Miss Daisy Hopkins, amid the applause of sympathetic press, is about to bring an action against the Cambridge proctor. She assesses the damages at £1,000 but we are not informed for what precise injury she claims this sum. If it be for incarceration in the Spinning-house, where she remained for ten days, £100 per day seems just a little excessive, and many of us would be not unwilling to spend a week or so every year in the academic city on the same terms. But if the £1,000 be claimed for slanderous insinuations and groundless charges against the lady’s fair fame, we have no doubt that jury will assess her character at its precise value, and cause the luckless proctor to rue the day when he laid hands on the modest Daisy. Still, it may be observed that the Queen’s Bench granted the habeas corpus simply on the ground that the warrant under which Miss Hopkins was relegated to the Spinning-house was informal, and that the judges abstained from expressing any opinion concerning the lady’s character or avocation.
St James’s Gazette 26.3.1892
The sequel to the Spinning House Case, in the shape of the action for damages brought by Miss Daisy Hopkins against one of the Cambridge Proctors, ended yesterday, as might have been anticipated, in a verdict for the defendant. The question for the jury was whether there had been reasonable grounds of suspicion in the matter, and the evidence clearly showed that there had. Any one who knows anything about University life, and the requirements of University towns like Oxford and Cambridge, knows that special powers for regulating public order and morals are absolutely necessary. The Radical papers have, of course, made great outcry about infringement of the liberty of the subject, as though a frightful outrage had been committed. That is all nonsense, as the result of this case shows. The brief for their side, fully set out in Mr. Murphy’s oration, admitted of a good deal more tall talk than the plain case for the University did; but all the common sense was the other side.
For more discussion see:
Cambridge’s lost heroes – the women who shaped our city
Daisy Hopkins and the Spinning House Case – ruling from the Lord Chief Justice. 1891.
(11) Louisa Edwards takes over brewery
(11) Brewery taken over by Wood and Sons mineral water works
WEST SIDE from Fitzroy Street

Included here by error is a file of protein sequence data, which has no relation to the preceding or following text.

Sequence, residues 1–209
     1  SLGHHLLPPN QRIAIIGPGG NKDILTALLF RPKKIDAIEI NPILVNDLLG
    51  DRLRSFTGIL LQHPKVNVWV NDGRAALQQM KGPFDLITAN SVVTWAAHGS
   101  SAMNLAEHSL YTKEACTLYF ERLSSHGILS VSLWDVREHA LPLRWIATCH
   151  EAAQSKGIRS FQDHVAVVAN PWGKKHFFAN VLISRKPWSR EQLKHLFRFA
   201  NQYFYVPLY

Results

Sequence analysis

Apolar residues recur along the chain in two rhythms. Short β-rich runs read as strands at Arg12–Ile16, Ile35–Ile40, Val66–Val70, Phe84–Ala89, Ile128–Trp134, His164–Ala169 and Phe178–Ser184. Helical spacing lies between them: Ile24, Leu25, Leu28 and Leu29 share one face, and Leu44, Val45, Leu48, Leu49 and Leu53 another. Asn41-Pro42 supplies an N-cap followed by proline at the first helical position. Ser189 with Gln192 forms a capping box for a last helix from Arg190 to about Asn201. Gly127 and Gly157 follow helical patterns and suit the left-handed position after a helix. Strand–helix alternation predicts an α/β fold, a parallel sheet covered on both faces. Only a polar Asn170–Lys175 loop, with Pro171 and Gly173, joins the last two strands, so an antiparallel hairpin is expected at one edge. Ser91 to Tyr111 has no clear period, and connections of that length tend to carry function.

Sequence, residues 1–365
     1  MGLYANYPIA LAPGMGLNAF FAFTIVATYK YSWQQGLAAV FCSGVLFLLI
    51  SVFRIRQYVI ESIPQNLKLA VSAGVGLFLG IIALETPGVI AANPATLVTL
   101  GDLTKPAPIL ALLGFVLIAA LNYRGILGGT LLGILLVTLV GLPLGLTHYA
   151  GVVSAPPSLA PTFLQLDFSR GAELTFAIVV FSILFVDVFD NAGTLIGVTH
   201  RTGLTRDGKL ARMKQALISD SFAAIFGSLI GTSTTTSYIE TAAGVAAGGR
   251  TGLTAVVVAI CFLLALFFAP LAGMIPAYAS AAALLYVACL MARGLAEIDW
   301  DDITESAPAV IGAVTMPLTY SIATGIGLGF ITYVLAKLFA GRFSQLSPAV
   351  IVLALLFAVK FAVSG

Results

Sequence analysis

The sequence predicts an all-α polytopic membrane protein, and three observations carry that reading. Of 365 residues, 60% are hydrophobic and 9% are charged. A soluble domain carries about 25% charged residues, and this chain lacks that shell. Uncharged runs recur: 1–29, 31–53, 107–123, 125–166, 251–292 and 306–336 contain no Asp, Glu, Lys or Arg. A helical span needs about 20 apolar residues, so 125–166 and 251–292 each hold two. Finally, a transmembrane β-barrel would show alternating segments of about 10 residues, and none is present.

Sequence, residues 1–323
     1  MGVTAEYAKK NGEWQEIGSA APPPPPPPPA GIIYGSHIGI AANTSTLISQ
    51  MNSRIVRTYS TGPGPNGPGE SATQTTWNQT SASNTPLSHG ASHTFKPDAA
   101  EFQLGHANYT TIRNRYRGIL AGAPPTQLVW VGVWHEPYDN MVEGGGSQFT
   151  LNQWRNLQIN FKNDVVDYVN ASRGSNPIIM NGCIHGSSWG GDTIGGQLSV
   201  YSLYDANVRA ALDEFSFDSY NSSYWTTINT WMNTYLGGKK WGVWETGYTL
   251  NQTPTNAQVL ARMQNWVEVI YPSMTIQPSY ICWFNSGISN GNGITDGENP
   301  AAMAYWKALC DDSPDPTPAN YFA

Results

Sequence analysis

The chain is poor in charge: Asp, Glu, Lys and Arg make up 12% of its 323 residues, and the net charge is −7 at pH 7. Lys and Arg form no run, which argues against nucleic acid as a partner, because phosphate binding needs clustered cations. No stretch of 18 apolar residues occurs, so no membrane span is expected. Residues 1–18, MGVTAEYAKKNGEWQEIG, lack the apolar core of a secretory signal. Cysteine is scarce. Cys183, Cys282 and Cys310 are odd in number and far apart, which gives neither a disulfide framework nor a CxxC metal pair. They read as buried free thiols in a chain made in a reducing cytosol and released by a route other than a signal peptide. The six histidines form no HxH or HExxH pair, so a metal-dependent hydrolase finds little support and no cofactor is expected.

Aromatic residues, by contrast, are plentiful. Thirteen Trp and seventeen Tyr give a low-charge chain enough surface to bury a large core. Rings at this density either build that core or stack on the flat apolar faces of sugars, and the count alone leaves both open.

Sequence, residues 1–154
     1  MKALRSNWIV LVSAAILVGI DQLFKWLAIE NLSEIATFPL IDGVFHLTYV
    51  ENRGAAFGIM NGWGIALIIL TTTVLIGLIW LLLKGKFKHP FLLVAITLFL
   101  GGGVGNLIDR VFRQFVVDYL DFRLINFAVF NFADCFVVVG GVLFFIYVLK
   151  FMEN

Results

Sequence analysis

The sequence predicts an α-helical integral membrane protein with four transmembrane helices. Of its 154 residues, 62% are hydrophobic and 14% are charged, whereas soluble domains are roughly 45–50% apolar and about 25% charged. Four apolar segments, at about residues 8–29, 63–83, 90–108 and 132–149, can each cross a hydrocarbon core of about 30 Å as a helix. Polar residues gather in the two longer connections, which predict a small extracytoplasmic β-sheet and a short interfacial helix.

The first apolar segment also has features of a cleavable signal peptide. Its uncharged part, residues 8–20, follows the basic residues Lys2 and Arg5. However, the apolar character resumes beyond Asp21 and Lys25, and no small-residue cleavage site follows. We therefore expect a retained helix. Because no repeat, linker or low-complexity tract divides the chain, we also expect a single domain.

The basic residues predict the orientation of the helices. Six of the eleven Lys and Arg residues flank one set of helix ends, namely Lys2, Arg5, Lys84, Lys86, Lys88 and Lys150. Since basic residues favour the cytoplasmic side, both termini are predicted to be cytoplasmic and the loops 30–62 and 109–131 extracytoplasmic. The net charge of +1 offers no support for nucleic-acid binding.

(1) G P Hawkins, bakers and confectioners
(2) George Mathie, joiner
(3) William Chapman, bootmaker
(4) Charles Buttress
(6) Edward Blake, college servant
(7) Charles Ebden, carpenter
(8) Sidney Badcock, carman
(9) Mrs Bell
(10) William Howell, bootmaker
(11) Woods and Son’s mineral water works
(12) William Doggett
(13) William Frederick Evans, college servant
(14) Allen Parker, bootmaker
(15) George Starnell, painter
(16) Mrs Adlard, sweet shop
(17) William George Shipp, The Johnny Gilpin
(18) The Johnny Gilpin
(19) Charles Frederick Connor, tailor
(20) John E Leeds, railway servant GER
(21) Joseph Bailey, cab driver
(22) William Clements, labourer
(25) Charles Whybrow, labourer
(26) William Long, carman
(27) William Johnson, boot closer
(28) Daniel Holmes, wireman GER
(29) John Rice, gardener
(30) Mrs Ludman
(31) William Huntley, fish hawker
(32) George Wallis, coach trimmer
(33) George Turner, labourer
(33a) Nathan Smith
EAST SIDE from East Road
(34) Albert Odell, dealer
(35) Thomas Claydon, theatre employee
(36) Arthur George Kiddy, cement worker
(37) Mrs Mansfield
(38) Mrs Martha Scott, dairy
HERE IS CRISPIN STREET
Star Brewery Ltd
(40) Alfred henry Goode, Sovereign Brewery Tap
(41) William Farmer, basket maker
(42) George James Hunt, whitesmith
(43) William Shipp
(44) Albert Edward Richardson, labourer
(45) John Laughton, waiter
(46) Charles Smith, lamplighter
(47) John Charles Shadbolt, sailor RN
(48) Thomas Laughton, tailor
(49) William gates, ice cream vendor
(50) John William T Davis, The Rabbit
(1) Mrs Taylor
(2) Henry Bell, groom
(1) John Newman, waiter
(2) George Randell Coates, stoker RN
Gold Street cont…
(50a) Charles Darler, bootmaker
(51-52) Mrs Pearson dressmaker